Winterizing question

Discussion in 'Managing Your Flock' started by capebird, Oct 28, 2011.

  1. capebird

    capebird Chillin' With My Peeps

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    Apr 13, 2011
    Cape Cod
    My coop has 2 vents that run along the front and rear of the coop.
    I'm wondering if I should close these vents off for the winter to prevent
    cold air from entering the coop. I have 4 barred rocks... the coop is about 4 x 5
    footprint and about 5 feet tall. Please see pict below.
    thanks... I should mention the winter temps here average about 15 to 25 degrees
    during the day .... and can get down to 10 or below at night.
    Thanks

    [​IMG]
     
    Last edited: Oct 28, 2011
  2. wyododge

    wyododge Chillin' With My Peeps

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    Sep 30, 2011
    Wyoming
    Nope you are good. They will grow the feathers they need. Great lookin coop by the way. You don't really have to worry about the cold until about -40, then really all you need to do is make their roost area smaller with blankets, but always, always, always, always leave your vents wide open.

    you do need to get shingles on that thing before the tar paper curls though... [​IMG]
     
  3. capebird

    capebird Chillin' With My Peeps

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    Apr 13, 2011
    Cape Cod
    Thanks for the advise.
    This picture was taken before the run roof was shingled....
    so the tar paper is now covered with cedar shingles :)
     
  4. wyododge

    wyododge Chillin' With My Peeps

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    Sep 30, 2011
    Wyoming
    Quote:As the saying goes...

    Pics or it didn't happen. [​IMG]

    Really cool lookin coop, and you are very welcome!!
     
  5. ScottyHOMEy

    ScottyHOMEy Chillin' With My Peeps

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    Jun 21, 2011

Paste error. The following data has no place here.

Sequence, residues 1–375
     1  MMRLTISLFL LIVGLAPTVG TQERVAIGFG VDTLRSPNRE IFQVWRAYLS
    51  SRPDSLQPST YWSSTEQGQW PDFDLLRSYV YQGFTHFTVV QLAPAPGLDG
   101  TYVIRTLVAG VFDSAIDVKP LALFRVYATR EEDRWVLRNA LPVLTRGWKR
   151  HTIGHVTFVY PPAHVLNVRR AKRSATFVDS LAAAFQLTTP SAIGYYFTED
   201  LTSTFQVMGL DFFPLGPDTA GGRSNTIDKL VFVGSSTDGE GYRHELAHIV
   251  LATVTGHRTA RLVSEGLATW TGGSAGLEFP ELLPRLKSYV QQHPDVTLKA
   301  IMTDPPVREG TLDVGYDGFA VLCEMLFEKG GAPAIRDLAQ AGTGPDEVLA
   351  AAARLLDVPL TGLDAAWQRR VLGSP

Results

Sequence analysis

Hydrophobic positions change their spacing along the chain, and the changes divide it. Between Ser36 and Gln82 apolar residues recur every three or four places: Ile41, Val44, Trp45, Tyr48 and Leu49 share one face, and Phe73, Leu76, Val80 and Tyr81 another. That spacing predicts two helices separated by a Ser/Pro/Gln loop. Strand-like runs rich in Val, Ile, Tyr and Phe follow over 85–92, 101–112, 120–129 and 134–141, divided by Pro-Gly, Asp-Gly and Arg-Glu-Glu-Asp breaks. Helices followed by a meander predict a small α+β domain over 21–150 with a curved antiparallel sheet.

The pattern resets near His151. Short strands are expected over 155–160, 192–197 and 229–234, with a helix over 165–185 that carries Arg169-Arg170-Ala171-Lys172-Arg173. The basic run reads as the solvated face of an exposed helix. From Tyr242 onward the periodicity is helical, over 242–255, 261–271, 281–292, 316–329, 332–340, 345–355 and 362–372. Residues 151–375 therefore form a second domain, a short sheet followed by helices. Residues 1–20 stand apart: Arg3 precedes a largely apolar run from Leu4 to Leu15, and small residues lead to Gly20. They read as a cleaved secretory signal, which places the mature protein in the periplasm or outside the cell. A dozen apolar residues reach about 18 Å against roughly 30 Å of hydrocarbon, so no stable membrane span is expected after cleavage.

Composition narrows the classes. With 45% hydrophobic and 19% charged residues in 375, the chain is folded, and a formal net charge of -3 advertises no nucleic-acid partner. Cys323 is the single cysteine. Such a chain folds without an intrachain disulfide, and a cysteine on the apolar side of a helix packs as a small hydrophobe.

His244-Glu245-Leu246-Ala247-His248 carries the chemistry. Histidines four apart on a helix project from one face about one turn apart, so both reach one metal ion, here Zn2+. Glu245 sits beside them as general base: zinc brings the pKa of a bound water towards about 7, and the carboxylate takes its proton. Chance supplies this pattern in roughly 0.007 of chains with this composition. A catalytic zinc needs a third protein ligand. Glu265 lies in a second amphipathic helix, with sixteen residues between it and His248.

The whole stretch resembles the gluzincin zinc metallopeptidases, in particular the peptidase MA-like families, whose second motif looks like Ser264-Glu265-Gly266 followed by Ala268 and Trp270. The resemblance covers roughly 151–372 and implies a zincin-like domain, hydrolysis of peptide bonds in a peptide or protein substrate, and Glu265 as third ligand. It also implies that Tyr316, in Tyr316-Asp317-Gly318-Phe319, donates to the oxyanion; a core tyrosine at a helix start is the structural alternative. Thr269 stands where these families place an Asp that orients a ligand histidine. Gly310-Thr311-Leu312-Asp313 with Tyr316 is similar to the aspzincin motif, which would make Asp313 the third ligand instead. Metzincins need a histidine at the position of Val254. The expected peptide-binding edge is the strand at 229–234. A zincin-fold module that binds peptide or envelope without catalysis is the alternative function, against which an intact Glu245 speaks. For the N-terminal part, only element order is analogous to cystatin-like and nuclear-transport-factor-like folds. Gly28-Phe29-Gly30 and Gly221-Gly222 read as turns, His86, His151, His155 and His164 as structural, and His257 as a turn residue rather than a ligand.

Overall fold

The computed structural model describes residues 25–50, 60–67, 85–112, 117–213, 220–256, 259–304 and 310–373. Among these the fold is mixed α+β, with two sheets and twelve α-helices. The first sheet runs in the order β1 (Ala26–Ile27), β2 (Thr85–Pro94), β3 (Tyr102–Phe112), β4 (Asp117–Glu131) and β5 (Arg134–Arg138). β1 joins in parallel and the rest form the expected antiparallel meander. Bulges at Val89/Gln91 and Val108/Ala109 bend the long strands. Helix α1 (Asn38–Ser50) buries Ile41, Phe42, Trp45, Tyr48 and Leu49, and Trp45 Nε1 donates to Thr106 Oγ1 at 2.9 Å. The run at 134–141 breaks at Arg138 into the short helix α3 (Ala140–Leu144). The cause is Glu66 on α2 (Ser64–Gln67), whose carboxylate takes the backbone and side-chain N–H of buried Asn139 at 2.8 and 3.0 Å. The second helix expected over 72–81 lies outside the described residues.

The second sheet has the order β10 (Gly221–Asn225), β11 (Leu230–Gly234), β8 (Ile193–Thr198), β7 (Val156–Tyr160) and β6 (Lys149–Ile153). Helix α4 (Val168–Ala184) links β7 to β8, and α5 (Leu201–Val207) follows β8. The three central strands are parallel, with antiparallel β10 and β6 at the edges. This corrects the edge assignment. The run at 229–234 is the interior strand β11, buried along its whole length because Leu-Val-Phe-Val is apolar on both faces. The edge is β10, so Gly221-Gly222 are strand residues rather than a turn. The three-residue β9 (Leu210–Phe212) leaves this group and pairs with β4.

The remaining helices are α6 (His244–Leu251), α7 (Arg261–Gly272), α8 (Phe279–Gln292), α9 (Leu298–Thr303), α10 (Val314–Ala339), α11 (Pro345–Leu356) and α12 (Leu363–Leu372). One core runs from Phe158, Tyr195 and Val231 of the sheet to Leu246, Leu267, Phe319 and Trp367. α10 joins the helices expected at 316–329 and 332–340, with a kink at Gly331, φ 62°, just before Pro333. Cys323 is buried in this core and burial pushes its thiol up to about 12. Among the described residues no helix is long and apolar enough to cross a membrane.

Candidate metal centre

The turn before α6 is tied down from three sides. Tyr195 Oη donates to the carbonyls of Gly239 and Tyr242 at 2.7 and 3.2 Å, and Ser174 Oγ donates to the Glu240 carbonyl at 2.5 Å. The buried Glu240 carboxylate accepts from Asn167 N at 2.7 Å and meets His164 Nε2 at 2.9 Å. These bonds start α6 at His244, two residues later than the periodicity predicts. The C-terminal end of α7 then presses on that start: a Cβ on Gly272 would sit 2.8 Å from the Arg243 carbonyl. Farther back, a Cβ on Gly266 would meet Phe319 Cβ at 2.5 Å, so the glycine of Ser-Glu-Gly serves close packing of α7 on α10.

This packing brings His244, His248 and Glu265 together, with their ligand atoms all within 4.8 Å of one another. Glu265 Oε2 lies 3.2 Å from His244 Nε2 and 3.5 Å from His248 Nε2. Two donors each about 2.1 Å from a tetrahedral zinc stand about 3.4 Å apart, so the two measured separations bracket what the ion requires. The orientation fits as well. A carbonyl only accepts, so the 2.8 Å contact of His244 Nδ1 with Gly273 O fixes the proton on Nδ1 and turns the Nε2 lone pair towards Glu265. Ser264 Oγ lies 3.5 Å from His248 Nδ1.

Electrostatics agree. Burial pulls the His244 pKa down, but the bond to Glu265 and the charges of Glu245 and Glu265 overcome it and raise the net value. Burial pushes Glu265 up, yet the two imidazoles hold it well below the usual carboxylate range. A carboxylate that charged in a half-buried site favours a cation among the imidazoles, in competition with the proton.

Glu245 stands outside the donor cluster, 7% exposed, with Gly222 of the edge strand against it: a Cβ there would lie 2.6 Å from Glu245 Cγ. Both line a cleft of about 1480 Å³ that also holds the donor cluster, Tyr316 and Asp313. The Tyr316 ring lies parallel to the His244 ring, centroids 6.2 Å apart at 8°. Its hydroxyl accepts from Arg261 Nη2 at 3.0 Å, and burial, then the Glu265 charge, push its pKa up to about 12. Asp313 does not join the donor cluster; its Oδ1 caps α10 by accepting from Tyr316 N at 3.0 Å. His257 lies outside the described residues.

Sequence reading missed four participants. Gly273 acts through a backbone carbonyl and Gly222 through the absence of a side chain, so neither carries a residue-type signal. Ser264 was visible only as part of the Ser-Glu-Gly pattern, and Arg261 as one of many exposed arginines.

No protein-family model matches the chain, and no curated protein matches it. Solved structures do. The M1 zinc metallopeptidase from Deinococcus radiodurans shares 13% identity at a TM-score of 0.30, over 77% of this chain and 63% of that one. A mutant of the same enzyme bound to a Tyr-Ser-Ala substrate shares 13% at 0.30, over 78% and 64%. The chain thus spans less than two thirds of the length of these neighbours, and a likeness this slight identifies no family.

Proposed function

Waldo County, Maine
    My Pullet Palace (8x5) has vents set up exactly as yours are. The roosts are under the rear (lower) vents on one end. What I've done to regulate drafts is to put drop down doors in sections over the vents. On each 8' run I have three doors, about evenly divided, using the studs as barriers between the sections. In cold weather, that allows me to close the two on the lower side over the roosts while leaving all of those at the top open. If we get extreme cold winds, I can close some of those on the top temporarily if needed. Warm and moderate weather, all the vents remain wide open.
     
  6. wyododge

    wyododge Chillin' With My Peeps

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    Sep 30, 2011
    Wyoming
    When it is coldest out is actually when you need the most ventilation. Fresh air is most critical in extreme conditions, It does not get cold enough in the US to significantly challenge a healthy chicken. Birds survive over here in open face coops. A buddy of mine raises his birds in a coop that has one wall (north), one wall (east), and a roof, the rest is hardware fabric. With -34* and 50 mile an hour winds, he said they just kinda poof up now and then and don't move until morning. Then in the AM they run around like normal.
     

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